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You can also try these medications:

  • Antihistamines: Antihistamines are often the first medicines used to treat nasal allergies. They are available as pills, liquids, and in eye drops. You can buy many antihistamines over the counter, and others your doctor can prescribe.
  • Decongestants: Over-the-counter decongestants -- either pills, drops, or sprays -- help unblock nasal passages so you can breathe better. Don't use nasal sprays for more than three days, or they can make congestion worse.
  • Cromolyn (Nasalcrom): This nasal spray can prevent allergy symptoms like runny nose, sneezing, itching, and stuffiness.
  • Steroid nasal sprays: If symptoms last and are more severe, steroid nasal sprays are one of the best treatments for allergy symptoms if used regularly. Most sprays are by prescription only. Two, Nasacort and Flonase, can be purchased over the counter.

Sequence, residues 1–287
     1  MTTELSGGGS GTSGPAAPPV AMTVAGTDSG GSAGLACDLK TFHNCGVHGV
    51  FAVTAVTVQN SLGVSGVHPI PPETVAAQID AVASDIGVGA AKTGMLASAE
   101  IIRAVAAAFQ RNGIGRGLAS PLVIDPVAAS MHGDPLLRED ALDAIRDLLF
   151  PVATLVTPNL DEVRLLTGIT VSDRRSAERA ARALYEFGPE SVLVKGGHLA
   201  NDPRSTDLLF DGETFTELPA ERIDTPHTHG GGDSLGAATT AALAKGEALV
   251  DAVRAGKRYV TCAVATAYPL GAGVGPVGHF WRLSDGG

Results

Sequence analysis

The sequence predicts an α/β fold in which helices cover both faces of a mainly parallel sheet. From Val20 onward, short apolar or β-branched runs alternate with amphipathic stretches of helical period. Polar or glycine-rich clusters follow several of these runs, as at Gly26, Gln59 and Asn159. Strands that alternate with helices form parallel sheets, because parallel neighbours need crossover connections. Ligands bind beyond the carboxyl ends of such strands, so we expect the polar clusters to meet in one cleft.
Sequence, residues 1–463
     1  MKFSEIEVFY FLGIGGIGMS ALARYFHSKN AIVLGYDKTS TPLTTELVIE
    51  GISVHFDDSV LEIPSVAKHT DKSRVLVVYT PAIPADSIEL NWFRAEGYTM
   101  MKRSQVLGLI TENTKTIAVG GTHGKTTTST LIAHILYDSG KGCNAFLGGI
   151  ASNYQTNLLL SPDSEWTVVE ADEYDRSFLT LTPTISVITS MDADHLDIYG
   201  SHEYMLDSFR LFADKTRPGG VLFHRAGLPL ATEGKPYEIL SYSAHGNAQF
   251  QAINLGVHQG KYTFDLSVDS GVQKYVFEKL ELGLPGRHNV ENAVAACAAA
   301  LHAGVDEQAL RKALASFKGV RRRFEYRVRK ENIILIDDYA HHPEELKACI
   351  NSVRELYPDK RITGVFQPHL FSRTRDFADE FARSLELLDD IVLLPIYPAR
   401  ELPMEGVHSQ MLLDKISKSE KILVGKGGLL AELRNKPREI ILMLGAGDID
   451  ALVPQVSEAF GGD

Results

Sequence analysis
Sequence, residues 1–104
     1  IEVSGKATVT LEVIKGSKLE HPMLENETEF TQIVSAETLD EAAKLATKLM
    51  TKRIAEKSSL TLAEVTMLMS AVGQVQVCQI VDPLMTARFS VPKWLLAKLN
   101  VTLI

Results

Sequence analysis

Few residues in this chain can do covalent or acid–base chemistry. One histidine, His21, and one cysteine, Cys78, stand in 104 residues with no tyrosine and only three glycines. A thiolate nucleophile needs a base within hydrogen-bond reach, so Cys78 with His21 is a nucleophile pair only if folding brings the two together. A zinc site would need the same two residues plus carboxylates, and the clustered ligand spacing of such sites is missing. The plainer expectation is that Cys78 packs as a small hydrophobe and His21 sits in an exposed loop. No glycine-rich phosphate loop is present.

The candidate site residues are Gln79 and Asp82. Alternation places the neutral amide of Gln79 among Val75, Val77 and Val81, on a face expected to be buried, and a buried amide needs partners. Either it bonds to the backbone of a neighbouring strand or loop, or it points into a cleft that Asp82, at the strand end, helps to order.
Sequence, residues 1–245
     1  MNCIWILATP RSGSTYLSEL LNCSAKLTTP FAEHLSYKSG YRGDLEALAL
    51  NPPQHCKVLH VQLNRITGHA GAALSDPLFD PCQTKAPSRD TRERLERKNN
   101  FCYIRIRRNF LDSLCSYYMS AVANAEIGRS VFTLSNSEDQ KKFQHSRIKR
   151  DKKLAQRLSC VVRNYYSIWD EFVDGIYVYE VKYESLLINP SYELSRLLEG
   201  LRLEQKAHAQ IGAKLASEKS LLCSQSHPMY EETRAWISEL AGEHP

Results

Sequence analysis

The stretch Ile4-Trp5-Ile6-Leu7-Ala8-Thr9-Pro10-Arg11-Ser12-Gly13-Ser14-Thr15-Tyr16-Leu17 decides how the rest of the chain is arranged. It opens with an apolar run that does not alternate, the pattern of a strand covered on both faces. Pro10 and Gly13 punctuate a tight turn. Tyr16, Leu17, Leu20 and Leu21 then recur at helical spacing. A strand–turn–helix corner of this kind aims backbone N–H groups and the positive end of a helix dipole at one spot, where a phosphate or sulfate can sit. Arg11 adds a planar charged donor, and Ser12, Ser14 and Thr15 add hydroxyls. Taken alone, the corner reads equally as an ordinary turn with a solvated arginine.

• Saline nose sprays: These can clean out allergens caught in your nose.
  • Eye drops: Eye drops can relieve itching and watering.

Will Allergy Shots Help?

Allergy shots or immunotherapy gradually help your body get used to your allergy triggers. They are usually recommended for people who have symptoms more than three months each year. They can help lower your need for medication to control your symptoms.

Also, the FDA has approved three under-the-tongue tablets that can be taken at home. The prescription tablets, called Grastek, Ragwitek, and Oralair, are used for treating hay fever and work the same way as shots -- the goal is to boost a patient’s tolerance of allergy triggers.

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